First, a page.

Hebrew Highlights 91 ANSWERS


Shalom, this is Yuval Shomron, coming to you from Jerusalem.


PRO 26:4 says, “Do not answer a fool according to his folly, lest you also be like him.”

When I was a child, I will admit that one of my favorite publications was “Mad Magazine”.  And one of my pet sections was the one called “Snappy Answers to Stupid Questions”.  Sometimes I wonder if our entire generation was as influenced by “Mad’s” social commentary as I was.  I prided myself in being able to quickly retort with a clever blurb, when asked what I considered to be a dim-witted query.

It goes without saying that if in those days I had thought about the now well-known cliché, “What would Jesus do?” my speech would have been very different in deed.  Now, what can I learn from this verse?

This is one of those interesting cases in the Book of proverbs where the following verse seems to negate the first.  PRO 26:5 goes on to say, “Answer a fool as his folly deserves, Lest he be wise in his own eyes.”

Since this study is called Hebrew Highlights, I should point out that there is no translation problem here.  It happens that these two verses in Hebrew are very simple and straightforward.  Perhaps we can best understand them by thinking up an example.

For instance, let’s say you are speaking to someone about the creation story, and they ask, “Do you really believe you are smarter that all of the scientists”?  The snappy answer might be, “I don’t know, but I’ve certainly got more lights in my chandelier than you do”!

The correct answer might be something like, “I’ve grown to put more trust in the historically proven wisdom of the Bible, than in men’s ever-changing theories.”  In this way, we have fulfilled both of these verses in Proverbs 26.  We have not sunken to the ignorance level of our opponent, yet, we have given him an answer which may perhaps send him away understanding that there is more to learn on the subject.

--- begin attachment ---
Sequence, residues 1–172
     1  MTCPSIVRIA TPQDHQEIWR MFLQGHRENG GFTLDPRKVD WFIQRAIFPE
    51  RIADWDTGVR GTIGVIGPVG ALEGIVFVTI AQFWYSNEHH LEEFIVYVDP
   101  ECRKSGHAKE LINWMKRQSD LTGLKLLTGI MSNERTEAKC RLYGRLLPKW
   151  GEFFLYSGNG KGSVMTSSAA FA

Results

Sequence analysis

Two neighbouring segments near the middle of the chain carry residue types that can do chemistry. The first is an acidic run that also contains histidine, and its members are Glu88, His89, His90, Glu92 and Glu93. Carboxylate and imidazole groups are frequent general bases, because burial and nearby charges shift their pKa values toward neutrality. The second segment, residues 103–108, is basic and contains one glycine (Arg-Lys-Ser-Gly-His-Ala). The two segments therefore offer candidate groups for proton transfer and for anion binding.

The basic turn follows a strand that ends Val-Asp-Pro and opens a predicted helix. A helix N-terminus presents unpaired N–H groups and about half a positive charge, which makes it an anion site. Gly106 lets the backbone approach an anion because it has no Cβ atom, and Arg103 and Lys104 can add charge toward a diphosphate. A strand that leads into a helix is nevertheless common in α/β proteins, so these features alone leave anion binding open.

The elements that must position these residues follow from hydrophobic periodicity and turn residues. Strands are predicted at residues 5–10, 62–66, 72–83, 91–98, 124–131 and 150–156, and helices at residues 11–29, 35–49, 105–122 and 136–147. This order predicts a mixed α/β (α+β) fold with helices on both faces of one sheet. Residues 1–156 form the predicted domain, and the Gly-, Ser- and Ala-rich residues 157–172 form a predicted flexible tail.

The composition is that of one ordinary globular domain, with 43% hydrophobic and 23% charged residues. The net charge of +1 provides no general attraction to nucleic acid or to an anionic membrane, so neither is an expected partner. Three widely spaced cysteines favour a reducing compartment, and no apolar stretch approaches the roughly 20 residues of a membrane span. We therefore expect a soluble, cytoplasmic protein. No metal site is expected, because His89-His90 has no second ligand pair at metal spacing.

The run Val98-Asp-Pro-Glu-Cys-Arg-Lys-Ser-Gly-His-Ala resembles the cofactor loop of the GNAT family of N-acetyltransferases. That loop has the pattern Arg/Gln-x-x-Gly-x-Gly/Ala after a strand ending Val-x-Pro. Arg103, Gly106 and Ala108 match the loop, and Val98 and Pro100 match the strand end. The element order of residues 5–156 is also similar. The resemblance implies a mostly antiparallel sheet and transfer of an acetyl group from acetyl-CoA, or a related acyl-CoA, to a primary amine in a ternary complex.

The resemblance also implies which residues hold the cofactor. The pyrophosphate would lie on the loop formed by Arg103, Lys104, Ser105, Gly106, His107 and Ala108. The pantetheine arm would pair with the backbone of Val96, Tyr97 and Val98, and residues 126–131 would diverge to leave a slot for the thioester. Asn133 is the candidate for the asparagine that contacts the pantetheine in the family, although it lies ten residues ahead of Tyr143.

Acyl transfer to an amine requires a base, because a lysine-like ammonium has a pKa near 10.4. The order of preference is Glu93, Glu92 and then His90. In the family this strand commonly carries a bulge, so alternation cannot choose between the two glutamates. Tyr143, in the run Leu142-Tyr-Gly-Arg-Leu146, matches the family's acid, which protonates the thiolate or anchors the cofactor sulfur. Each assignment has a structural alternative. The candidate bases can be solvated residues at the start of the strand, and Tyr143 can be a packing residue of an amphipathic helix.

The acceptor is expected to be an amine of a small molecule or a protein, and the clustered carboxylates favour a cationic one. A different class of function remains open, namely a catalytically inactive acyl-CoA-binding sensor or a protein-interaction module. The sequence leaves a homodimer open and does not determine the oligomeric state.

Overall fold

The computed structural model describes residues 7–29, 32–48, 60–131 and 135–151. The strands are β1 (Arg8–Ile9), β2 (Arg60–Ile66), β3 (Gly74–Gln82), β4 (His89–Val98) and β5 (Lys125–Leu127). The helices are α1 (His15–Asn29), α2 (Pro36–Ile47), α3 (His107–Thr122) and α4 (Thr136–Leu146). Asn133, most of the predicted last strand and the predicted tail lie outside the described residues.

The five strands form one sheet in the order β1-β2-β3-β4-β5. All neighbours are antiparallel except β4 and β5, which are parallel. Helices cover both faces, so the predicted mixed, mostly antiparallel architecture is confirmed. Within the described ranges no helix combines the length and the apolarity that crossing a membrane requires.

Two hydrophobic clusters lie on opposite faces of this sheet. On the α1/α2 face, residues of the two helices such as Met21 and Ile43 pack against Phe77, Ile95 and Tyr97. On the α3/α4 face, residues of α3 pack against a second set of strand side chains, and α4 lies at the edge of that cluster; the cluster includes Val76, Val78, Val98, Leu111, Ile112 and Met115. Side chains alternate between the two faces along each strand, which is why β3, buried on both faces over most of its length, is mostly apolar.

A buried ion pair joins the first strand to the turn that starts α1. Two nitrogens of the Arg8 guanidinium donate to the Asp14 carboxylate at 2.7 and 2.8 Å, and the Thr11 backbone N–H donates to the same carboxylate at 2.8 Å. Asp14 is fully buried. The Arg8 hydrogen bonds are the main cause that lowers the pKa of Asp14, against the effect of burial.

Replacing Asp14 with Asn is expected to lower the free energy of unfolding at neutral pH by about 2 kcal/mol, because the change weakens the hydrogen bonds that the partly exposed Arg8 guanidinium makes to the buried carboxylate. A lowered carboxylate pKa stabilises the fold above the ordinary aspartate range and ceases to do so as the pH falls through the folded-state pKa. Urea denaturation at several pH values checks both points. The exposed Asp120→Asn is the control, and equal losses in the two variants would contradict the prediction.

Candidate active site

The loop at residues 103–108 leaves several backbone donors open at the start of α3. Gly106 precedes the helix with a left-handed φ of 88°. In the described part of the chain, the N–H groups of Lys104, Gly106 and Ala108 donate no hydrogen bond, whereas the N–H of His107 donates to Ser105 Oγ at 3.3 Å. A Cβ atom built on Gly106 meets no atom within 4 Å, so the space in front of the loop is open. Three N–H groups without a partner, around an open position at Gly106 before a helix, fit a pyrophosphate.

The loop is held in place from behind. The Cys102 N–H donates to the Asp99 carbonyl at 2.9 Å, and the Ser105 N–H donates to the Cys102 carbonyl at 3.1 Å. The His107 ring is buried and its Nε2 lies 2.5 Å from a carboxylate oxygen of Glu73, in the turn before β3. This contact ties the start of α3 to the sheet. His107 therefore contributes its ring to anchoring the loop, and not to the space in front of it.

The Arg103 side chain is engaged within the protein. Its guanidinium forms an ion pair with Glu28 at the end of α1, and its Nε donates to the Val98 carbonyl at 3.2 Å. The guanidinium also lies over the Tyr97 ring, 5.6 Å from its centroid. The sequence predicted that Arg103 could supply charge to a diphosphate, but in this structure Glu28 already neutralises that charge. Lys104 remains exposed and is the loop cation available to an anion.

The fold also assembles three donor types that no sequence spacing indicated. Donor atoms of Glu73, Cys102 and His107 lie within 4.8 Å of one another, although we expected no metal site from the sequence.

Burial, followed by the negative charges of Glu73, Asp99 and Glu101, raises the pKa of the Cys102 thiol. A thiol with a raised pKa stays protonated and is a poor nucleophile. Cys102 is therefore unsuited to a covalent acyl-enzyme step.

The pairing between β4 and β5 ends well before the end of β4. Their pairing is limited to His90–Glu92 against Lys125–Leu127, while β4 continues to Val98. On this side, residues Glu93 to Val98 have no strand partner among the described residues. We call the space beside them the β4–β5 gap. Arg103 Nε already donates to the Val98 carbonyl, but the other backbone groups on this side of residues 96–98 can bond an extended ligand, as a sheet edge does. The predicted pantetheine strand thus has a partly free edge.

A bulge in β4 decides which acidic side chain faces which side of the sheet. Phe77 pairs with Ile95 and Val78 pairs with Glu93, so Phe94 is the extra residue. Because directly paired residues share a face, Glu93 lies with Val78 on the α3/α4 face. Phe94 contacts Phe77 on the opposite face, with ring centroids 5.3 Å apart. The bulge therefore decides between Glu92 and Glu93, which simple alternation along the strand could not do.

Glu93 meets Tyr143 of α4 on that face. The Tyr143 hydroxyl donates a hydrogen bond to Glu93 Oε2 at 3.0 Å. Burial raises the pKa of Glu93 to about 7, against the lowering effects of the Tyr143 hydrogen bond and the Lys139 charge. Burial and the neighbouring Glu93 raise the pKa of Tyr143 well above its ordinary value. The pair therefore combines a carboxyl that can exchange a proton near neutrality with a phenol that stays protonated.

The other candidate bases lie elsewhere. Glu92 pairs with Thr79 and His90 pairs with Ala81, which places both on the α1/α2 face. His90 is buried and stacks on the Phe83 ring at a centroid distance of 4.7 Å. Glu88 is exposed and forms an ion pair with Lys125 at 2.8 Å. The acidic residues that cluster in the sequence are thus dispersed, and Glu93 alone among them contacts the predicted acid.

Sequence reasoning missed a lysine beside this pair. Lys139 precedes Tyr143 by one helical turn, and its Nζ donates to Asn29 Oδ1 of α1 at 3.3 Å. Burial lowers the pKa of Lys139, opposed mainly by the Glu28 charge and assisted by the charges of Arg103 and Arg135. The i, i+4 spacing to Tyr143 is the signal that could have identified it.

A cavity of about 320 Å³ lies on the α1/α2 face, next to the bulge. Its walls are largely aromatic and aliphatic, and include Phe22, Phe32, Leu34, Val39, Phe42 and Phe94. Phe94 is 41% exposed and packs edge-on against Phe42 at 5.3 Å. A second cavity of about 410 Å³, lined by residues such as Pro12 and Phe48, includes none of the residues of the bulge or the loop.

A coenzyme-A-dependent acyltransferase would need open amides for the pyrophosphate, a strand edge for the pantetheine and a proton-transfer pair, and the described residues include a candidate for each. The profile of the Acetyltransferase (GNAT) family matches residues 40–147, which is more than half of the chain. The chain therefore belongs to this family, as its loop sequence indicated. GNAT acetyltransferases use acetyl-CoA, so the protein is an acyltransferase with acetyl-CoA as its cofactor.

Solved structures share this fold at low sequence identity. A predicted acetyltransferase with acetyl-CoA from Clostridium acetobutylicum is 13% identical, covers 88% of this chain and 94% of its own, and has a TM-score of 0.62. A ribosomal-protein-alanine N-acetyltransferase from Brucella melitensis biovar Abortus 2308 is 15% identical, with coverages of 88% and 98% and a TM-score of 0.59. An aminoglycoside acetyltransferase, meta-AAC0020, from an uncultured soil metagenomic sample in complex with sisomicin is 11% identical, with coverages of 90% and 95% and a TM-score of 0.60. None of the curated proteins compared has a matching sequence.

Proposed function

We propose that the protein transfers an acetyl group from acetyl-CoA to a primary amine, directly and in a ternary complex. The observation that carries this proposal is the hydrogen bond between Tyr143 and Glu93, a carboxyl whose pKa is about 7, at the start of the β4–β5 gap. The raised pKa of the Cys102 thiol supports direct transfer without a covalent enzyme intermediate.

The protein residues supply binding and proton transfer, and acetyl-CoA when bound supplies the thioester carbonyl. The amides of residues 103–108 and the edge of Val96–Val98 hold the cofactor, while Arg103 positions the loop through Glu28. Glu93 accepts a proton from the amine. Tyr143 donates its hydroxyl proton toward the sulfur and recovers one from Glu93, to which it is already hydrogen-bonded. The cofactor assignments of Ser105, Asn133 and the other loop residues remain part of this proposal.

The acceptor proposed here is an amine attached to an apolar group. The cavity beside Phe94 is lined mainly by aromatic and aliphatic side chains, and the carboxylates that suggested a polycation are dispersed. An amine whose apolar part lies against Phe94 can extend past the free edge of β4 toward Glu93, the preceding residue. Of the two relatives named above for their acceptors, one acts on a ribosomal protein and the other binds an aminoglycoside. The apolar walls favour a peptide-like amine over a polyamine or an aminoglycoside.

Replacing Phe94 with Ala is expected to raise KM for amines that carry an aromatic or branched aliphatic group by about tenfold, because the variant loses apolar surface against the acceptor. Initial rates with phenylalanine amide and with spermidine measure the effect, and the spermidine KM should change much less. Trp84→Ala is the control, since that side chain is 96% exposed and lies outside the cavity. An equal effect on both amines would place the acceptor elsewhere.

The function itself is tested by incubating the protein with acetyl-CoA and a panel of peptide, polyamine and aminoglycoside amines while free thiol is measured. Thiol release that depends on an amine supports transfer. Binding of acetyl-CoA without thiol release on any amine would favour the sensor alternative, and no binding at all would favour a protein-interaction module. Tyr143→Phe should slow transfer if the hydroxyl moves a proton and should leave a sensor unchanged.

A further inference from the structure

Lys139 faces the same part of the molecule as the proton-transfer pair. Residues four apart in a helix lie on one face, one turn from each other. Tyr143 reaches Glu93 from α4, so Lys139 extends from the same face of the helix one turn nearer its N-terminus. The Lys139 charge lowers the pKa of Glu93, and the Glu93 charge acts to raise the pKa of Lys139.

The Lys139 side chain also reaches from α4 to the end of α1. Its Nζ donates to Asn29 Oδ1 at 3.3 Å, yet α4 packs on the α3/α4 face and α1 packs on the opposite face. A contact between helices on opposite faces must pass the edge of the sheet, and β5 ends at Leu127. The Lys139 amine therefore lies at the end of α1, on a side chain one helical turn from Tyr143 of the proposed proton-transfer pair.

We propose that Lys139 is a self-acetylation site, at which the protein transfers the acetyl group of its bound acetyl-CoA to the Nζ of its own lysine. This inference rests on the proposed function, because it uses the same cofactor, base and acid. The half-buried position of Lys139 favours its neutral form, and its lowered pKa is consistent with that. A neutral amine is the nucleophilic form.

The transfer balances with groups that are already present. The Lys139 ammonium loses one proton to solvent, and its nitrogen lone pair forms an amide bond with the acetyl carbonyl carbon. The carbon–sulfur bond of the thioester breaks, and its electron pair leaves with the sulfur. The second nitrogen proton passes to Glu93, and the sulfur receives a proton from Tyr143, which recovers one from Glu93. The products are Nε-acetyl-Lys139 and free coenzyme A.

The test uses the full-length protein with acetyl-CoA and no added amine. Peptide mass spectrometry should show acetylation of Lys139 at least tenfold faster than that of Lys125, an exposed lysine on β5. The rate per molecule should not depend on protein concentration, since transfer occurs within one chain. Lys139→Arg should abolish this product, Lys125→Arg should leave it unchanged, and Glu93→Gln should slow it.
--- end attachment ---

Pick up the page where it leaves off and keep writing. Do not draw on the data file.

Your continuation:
Another pitfall we fall into is answering an angry question with an equally irate reply.  In fact, in the heat of a quarrel, we rarely even hear the other side of the squabble in the first place.  Two more passages in Proverbs address this problem.  First, in PRO 15:1 we read, “A gentle answer turns away wrath, But a harsh word stirs up anger.”  Secondly, PRO 18:13 says, “He who gives an answer before he hears, It is folly and shame to him.”

An even stronger statement is made in PRO 15:28, “The heart of the righteous ponders how to answer, But the mouth of the wicked pours out evil things.”  How often do we actually take time to “ponder” in the heat of battle?  Unfortunately, it seems the word “ponder” has all but disappeared from the modern vocabulary.  It’s Hebrew original, “Yehageh”, could also mean to study, or to think.

If we study Yeshua’s example in the New Testament, we will find that often before answering a question from the Pharisees, he would take a little time to think.  May God teach us wisdom!  Next time you get into an argument with someone, stop and count to ten before each answer or remark.  Listen to the Holy Spirit, and ask yourself, “How would Yeshua reply?” 

You may actually make peace with your adversary.  In the very least, he will get tired of waiting for your response, and walk off.


Now, let’s take a brief look at those cases in which someone actually asks us a question because they actually believe we might have a word of wisdom for them.

If we train ourselves to ponder the issue, listen to God, and patiently form our solution, we might actually find ourselves fulfilling PRO 15:23; “A man has joy in an apt answer, And how delightful is a timely word!”



Shalom, Shalom from Jerusalem.